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November 01, 1995 - Image 14

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Publication:
The Michigan Daily, 1995-11-01

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- The Michigan Daily - Wednesday, November 1, 1995

SPARTANS
Continued from Page 13
"I wish we didn't have to play 'em,"
he said. "If they play better in practice,
they'll play in the game. But it helps
depth to play them."
Hawkins, who is only 17, has been
forced to fill in at the linebacker position
because ofsophomore starter Ike Reese's
broken hand and deep leg bruise.
In five games, two of which he started,
Hawkins has compiled 12 tackles, three
for a loss, and a sack. These are impres-
sive numbers for a player who said he
'expected only to play special teams this
season.
"Hawkins played a heck of a game
(against Boston College)," Saban said.
"He had a sack and a tackle for loss."
Despite becoming one of the mar-
quee figures on the team, Hawkins said
the freshmen stick together and help
each other out during the transition from
high school to the Big Ten.
"You've got so many guys much
bigger than you. We try to make it like
a family," Hawkins said. "We call each
other 'the brothers,' we hang out to-
gether, order pizza."
tOne of the surprises of the fall has
been Gould's story. The Troy native
showed up at practice at the beginning
ofthe school year and within two weeks
was playing against defending National
Champion Nebraska.
"I didn't expect that at all," he said.
"I've learned a lot."
'Gould wears No. 45, the same num-
ber Dan "Rudy" Ruettiger wore in the
1993 film "Rudy" about the famed Notre
Dame walk-on. He said he doesn't think
Saban is playing younger players to
build for the future, but to win now.
"They deserve to be in there," Gould
said. "(Saban) said he's not playing for
the future, but he's going to put the 11
best players out there."
Hawkins said that if some of the
higher-touted high school players see
freshmen playing at Michigan State,
they might consider coining to East

Michigan State's Courtney Ledyard (53) is surprised at how many freshmen are playing for the Spartans this season.

Lansing rather than redshirting in other
programs.
"It brings more unity and brings more
attention to the team," he said.
Another player who has been thrust
into the limelight is Chapman. Entering
fall practice, he was low on the tight-
end depth chart. But as the season pro-
gressed, Chapman turned his efforts on

the practice field into playing time.
Against Boston College, Chapman
caught a three-yard touchdown pass from
sophomore quarterback Todd Schultz.
It was his first-ever catch as a colle-
gian and pulled the Spartans to within
five points of the Eagles in the third
quarter. Michigan State eventually won
the game, 25-221.

Miami guilty of six NCAA violations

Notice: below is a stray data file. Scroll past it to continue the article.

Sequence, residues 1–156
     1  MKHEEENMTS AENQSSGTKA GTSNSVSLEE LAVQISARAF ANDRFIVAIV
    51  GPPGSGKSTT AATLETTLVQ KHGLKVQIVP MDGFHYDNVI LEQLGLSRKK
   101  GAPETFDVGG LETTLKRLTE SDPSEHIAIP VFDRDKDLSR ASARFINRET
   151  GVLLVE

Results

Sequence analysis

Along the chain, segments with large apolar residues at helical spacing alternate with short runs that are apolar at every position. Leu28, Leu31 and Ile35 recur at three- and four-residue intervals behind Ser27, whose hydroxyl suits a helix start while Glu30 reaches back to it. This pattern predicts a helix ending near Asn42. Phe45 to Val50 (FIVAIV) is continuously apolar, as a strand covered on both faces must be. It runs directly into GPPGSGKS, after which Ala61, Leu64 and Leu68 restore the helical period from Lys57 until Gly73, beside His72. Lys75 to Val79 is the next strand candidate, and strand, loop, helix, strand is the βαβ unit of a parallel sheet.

CORAL GABLES, Fla. (AP) -
The University of Miami publicly
admitted guilt Tuesday on six of 10
NCAA charges but denied the most
damning allegation -lack of institu-
tional control.
School officials will attend a
hearing Nov. 10 before the NCAA
Committee on Infractions to dis-
cuss institutional control and three
other allegations. Sanctions will
.likely be announced by the end of
December,
"There is a relief," athletic director
Paul Dee said, "in that we're finally
going to get to the end of this, we
hope."
Probation could include a ban on
bowl game and TV appearances for
one or more years, as well as scholar-
ship reductions.
At a news conference, the uni-
versity released a summary of the
10 NCAA charges.
Three involve a Pell Grant scan-
dal that prompted a federal inves-
tigation and led to the conviction
of former university academic ad-
viser Tony Russell, who admitted
falsifying the Pell Grant applica-
tions of 91 students, including 85
athletes.
The NCAA, which began its inves-
tigation four years ago, alleges that a

lack of institutional control made the
financial fraud possible.
"That is the allegation that car-
ries with it the most likely heavy
penalty," university president Ed-
ward Foote said. "Our position is
that there was extensive wrongdo-
ing with the Pell Grants, but it was
orchestrated by one employee who
has admitted that he did it and who
is long since gone.
"We know of no other represen-
tative of this institution who was
involved in any respect.
"Our position is that it is not a lack
of institutional control."
Russell has said repeatedly that he
acted without the knowledge of any-
one at the university.
The school also denies that rap star
Luther Campbell's special treatment
of football players constituted an
NCAA violation, saying Campbell
wasn't affiliated with the school as a
booster or season-ticket holder.
Miami admits violating NCAA
rules by failing to follow its own
drug-testing policies.
The school also acknowledges a
play-for-pay scheme involving at
least one former football player, ij-
accurate room and board calculations
and excessive distribution of books
to athletes.

Chapman said the experience was
like nothing he had ever experienced.
"It's a little strange, it was just like a
video game, but I liked it a lot," he said.
Saban got a late start in recruiting last
winter because he was with the Cleveland
Browns until January, but the results he
has produced so far may open up the prep
talent pipeline for the future.
INJURIES
Continued from Page 13
the hamstring as he did last weekend
against Wisconsin.
While no one but the coaches really
knows what's going on, Carr is guess-
ing that the Spartans may not be in as
bad a shape as Saban is letting on.
"First of all, I'm sure they're close to
100 percent," Carr said. "I don't think